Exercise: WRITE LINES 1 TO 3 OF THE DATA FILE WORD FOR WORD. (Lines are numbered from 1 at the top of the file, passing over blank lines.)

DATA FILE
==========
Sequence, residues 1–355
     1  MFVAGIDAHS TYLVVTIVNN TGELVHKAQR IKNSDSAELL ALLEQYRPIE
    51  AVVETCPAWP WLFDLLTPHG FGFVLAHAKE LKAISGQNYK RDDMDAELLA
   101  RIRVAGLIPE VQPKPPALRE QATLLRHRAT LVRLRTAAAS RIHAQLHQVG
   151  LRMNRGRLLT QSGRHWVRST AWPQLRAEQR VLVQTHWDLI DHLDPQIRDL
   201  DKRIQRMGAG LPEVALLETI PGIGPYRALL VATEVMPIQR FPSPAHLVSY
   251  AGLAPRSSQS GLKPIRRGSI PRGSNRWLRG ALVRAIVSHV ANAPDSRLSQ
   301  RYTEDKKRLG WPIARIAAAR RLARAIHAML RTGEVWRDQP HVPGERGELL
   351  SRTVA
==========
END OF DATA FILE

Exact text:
Sequence, residues 1–355
     1  MFVAGIDAHS TYLVVTIVNN TGELVHKAQR IKNSDSAELL ALLEQYRPIE
    51  AVVETCPAWP WLFDLLTPHG FGFVLAHAKE LKAISGQNYK RDDMDAELLA